Asked if the vaccines could be administered next week, as the Food and Drug Administration had said COVID-19 vaccines with emergency use authorization could be offered as early as seven days after arriving in Taiwan if all required information is provided, Chen said that it would be unlikely.
As it is the first batch of the vaccine to arrive in Taiwan, the review process would be conducted more carefully and would take more time, he said.
CECC specialist advisory panel convener Chang Shan-chwen (張上淳) said that people who have severe allergic reactions to vaccines or to certain types of drugs are advised to not get vaccinated.
People who have just been vaccinated are advised to stay at the healthcare facility for a while to observe whether they might have any allergic reactions, he said.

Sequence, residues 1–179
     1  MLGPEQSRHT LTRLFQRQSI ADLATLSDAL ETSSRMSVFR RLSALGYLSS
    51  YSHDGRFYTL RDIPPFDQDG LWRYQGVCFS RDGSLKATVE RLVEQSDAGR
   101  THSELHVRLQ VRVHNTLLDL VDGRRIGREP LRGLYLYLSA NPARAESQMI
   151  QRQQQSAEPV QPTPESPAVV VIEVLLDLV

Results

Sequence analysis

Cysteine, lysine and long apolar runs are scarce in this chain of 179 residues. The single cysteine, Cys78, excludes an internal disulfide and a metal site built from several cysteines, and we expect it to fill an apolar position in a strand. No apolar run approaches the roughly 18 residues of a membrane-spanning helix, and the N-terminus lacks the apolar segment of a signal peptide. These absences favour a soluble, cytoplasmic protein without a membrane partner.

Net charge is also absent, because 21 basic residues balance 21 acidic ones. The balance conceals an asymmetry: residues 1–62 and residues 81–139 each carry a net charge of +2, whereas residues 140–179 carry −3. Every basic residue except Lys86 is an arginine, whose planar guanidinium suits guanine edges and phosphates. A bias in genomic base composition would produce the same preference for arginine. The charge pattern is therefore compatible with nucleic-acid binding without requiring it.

As the first group of people to be vaccinated would be healthcare workers, they should be able to find medical assistance easily, he added.
HEATED TRAFFIC: As Beijing holds naval drills near Taiwan, the Ministry of National Defense said it had a full grasp of the situation and would handle it ‘appropriately’ A Chinese carrier group exercising near Taiwan is part of what are to be regular drills, the Chinese navy said in a statement late on Monday, further escalating tensions between Taipei and Beijing. The group, including the aircraft carrier Liaoning, was conducting “routine” drills in the waters around Taiwan, a move to “enhance its capability to safeguard national sovereignty, safety and development interests,” the statement said. “Similar exercises will be conducted regularly,” it said, without elaborating. The statement came after the Ministry of National Defense earlier on Monday issued a statement regarding a rise in the number of incursions by Chinese jets into